'Ultra-processed' foods still dominate consumers' diets: study
- Despite an outcry for manufacturers to produce more "healthy" and "natural" foods, Americans still on average consume about 58% of their total daily calories from "ultra-processed" foods, such as frozen pizza and soda, according to a study published in the medical journal BMJ Open.
- Government health warnings about added sugar haven't had the impact manufacturers feared either: 71% of Americans exceed the recommendation to consume no more than 10% of daily calories in the form of added sugar, according to the CDC.
- Manufacturers of breads, cakes, cookies, pies, and salty snacks have the least to worry about, as these were consumers' top choices for ultra-processed foods based on the foods' contributions to consumers' total daily calories, according to a CDC survey.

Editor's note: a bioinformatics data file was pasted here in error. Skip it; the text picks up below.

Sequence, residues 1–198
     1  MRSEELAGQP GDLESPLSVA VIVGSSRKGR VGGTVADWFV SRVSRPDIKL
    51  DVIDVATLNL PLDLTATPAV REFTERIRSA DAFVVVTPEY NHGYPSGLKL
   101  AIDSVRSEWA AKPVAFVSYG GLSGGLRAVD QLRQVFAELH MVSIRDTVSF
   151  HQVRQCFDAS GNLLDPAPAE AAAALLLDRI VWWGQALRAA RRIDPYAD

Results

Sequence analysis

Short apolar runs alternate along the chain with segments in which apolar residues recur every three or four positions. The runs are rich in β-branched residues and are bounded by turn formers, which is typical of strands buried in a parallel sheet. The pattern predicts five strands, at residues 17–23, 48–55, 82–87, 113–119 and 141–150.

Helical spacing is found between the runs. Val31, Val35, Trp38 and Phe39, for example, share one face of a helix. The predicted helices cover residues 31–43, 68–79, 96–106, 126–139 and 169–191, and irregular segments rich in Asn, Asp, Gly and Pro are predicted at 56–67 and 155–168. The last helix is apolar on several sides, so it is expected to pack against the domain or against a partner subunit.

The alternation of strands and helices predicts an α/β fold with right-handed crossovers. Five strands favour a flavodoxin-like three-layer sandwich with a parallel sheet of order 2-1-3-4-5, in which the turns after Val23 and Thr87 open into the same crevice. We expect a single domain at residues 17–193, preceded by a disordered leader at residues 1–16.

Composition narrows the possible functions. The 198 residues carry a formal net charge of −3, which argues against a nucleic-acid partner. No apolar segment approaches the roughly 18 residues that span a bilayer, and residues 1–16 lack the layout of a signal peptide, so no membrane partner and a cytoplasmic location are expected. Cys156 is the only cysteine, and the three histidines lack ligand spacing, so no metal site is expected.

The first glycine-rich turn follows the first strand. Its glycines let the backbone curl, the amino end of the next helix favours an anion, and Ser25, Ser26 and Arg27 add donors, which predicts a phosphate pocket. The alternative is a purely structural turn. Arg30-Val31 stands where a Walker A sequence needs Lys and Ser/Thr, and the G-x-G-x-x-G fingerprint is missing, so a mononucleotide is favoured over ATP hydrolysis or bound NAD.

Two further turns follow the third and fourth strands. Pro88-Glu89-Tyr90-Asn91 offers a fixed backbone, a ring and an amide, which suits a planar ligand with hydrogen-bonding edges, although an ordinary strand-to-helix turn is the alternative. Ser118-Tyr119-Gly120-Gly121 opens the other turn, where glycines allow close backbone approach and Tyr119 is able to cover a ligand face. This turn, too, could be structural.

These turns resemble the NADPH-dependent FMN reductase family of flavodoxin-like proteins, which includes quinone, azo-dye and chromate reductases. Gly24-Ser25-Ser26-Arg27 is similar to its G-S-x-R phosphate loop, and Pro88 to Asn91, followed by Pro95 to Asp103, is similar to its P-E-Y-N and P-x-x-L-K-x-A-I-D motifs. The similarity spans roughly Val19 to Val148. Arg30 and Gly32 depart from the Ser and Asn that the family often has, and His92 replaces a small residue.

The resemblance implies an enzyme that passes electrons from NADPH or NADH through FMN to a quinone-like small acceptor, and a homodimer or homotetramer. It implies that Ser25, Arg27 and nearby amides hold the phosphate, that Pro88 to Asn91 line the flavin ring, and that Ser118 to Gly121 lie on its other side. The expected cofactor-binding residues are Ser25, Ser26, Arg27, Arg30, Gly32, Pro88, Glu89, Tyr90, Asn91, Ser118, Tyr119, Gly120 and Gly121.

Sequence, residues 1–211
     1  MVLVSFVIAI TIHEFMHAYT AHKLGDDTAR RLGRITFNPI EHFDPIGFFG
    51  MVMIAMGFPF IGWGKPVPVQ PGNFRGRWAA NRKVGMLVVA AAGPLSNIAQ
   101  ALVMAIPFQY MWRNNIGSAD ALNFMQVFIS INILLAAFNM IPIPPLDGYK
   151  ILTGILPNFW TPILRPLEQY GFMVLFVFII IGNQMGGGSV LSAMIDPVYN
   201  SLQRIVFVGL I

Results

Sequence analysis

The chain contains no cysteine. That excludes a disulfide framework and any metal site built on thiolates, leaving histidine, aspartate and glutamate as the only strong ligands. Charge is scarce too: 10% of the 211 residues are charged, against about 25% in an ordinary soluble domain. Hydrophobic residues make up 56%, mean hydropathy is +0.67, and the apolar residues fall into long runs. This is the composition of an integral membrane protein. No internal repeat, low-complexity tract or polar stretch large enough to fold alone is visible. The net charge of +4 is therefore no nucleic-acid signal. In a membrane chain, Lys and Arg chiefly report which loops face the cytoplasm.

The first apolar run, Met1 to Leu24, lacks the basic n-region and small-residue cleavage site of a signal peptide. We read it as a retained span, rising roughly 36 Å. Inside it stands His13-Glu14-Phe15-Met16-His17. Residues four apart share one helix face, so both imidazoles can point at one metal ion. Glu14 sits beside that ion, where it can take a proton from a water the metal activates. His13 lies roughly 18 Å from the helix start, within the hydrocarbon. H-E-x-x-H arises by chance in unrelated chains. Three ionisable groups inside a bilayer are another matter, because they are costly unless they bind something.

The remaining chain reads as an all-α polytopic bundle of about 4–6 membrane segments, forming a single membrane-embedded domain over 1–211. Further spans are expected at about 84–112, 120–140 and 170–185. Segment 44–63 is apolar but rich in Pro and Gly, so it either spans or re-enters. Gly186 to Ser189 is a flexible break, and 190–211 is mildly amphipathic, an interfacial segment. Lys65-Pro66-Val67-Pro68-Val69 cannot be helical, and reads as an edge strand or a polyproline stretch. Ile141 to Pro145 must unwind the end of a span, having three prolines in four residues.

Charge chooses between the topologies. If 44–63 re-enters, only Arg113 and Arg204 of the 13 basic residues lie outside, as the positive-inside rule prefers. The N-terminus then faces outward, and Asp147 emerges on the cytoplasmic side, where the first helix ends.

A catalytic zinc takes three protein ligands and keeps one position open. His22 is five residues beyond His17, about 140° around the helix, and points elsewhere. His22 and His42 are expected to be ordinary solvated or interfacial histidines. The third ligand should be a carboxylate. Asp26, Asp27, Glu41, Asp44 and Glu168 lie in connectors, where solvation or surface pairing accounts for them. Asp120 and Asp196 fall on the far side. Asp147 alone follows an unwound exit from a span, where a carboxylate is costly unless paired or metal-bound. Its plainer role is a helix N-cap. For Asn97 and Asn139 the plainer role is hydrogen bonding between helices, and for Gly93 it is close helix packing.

Despite how much attention has been paid to "healthy" and "natural" foods, consumers' purchasing and eating decisions still do not reflect those concerns. Companies like Mars have suggested that even health-conscious consumers allow themselves indulgences, particularly the sweets and salty snacks that the CDC confirmed were consumers' favorites.
The fast growth of better-for-you food segments is undeniable based on category sales statistics and the performances of startups and companies that make "natural" products. Major manufacturers have responded by removing artificial ingredients and acquiring smaller better-for-you producers to align their portfolios with consumer demands.
The question now is whether these changes and acquisitions are worth the additional costs if consumers are still buying "ultra-processed" foods anyway. This sort of data will not necessarily stop manufacturers from pursuing the development and acquisition of products that consumers believe are healthier. But company executives may rethink their investment strategy and funds allocation to continue to support the products and brands that, while maligned by certain groups of consumers, are clearly still in demand across the general population.